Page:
Black Lives Matter and COVID-19 influencing USAID’s new vision?

Last month, USAID Administrator Samantha Power outlined “A New Vision for Global Development,” which places inclusive development at the fore of the Agency’s agenda. The commitment now made is for 25% of USAID funding to go to local partners in the next four years.

Even more ambitious, Power declared that 50 percent of USAID programming would put local organizations in the lead by the end of the decade.

In her ‘vision speech’, she called for more inclusive and locally led development, including through the diversification of the USAID partner base, and by making the agency’s work more responsive to local voices.

Administrator Power’s remarks come at the convergence of several critical events that make this a promising time for lasting change. First, despite its worldwide devastation, the COVID-19 pandemic disrupted the status quo of aid delivery. When international organizations and their expat staff could not travel or remain in post, local staff were ready and equipped to carry out programming in their own communities.

The pandemic also re-shone a spotlight on existing injustices and inequalities within the United States, and worldwide. The 2020 global movement for racial equity was a breakthrough moment building on years of community-based work from Black, Indigenous, and People of Color. The Black Lives Matter (BLM) movement has necessitated conversations around institutional racism, White and Western privilege, and power relations in many INGOs. This intersection of the pandemic and the movement for racial equity has rendered it all but impossible for donors and INGOs alike to continue to ignore the colonial and racist underpinnings of the sector. Building on the success of the BLM movement in the United States, organizations and practitioners from less developed countries similarly have pushed locally-led development to the fore.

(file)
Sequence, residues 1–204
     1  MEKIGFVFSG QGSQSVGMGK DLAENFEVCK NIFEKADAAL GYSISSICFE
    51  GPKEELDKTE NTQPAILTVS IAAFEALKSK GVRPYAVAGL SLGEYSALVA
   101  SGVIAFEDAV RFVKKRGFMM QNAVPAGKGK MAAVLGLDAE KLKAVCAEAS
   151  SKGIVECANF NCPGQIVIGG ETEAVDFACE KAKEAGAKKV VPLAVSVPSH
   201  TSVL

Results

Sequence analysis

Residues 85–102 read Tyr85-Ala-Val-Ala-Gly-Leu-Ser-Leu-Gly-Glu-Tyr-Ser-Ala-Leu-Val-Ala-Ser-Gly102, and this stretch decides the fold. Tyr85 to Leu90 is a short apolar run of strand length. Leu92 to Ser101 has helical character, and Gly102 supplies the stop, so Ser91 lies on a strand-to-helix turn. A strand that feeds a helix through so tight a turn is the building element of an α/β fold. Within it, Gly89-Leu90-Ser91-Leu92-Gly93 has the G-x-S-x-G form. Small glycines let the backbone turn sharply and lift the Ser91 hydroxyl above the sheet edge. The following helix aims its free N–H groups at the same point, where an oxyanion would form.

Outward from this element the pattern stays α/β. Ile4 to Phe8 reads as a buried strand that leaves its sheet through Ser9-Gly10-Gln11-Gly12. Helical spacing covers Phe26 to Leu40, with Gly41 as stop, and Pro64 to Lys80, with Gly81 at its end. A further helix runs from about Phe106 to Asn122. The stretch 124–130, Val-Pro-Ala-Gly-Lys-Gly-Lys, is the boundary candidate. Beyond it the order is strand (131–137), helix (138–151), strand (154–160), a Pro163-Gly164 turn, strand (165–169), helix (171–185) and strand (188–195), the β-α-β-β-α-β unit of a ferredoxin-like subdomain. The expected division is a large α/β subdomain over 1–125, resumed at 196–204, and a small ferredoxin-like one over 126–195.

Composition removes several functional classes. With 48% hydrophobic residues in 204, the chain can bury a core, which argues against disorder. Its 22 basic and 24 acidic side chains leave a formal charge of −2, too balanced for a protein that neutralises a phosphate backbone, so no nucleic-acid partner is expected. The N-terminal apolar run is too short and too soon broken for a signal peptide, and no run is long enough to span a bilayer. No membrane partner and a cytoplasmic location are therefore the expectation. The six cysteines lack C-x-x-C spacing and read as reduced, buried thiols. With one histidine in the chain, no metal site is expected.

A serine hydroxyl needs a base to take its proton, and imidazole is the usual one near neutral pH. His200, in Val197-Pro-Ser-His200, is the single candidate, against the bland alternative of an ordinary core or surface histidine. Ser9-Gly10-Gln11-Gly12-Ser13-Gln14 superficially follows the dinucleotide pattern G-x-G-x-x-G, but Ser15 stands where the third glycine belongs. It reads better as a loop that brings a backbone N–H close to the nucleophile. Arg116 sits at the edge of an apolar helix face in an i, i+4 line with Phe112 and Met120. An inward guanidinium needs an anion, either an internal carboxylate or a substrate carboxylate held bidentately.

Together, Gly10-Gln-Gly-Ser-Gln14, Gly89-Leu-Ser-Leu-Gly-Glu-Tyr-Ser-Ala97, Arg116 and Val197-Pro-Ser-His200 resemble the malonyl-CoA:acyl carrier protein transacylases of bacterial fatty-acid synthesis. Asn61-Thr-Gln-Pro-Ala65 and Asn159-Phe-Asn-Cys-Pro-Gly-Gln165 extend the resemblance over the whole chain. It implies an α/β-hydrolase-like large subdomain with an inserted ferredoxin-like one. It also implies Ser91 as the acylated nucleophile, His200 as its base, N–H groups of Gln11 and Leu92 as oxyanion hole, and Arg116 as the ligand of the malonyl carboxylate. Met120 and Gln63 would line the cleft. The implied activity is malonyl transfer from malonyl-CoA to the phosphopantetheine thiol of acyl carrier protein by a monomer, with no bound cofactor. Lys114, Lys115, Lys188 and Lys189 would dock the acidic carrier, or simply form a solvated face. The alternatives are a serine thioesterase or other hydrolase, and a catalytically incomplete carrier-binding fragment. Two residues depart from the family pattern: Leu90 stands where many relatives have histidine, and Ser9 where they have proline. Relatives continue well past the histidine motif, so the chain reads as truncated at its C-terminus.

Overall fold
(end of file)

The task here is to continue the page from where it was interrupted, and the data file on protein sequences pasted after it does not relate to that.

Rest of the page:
The intersection of the pandemic and the movement for racial equity has rendered it all but impossible for donors and INGOs alike to continue to ignore the colonial and racist underpinnings of the sector.

The question is now how the Agency will change internally to make this a ambitious goal feasible.

One of the changes announced is the strengthening of the workforce in USAID, both in the US and abroad. An increase in partnerships with Historically Black and Hispanic Universities to help diversify future USAID hires was announced. Additionally, Power committed to a 700 percent increase in funding for paid internships with USAID so that a more diverse cohort of young professionals can gain access to experience working with the Agency. A Chief Diversity Officer will oversee these changes and others — the first in the Agency’s history.

For USAID, Foreign Service Nationals (FSNs) are the heart and souls of (USAID) Missions overseas, and were key in maintaining the Agency’s operations and programming during the height of the global pandemic. In order to strengthen the local organizations there is a need to support this local USAID workforce. By training and increasing the assistance and acquisition expertise in the Missions the support to local organizations can be increased and strengthened.

USAID is currently developing an Agency-wide Localization Agenda to establish a common localization vision and identify actions that will make localization easier so the ambitious targets the Administrator announced in her speech can be achieved.

At the same time, USAID has released a draft of a new policy on Local Capacity Development. It establishes principles for engagement with local partners and provides guidance to ensure the way partnering with local actors builds lasting organizational effectiveness and supports sustained development. A draft of the policy has recently been posted for public comment, and USAID is looking forward to hearing from their partners.



Sub-recipient management and navigating the rules and regulations of USAID form an integral part of her expertise, along with compliance with donor- and project requirements, and capacity strengthening.



Rosanne has a solid track record in financial management of USAID-funded projects. Her expertise is in financial compliance, indirect cost recovery, risk management, audit regulations, and internal controls.

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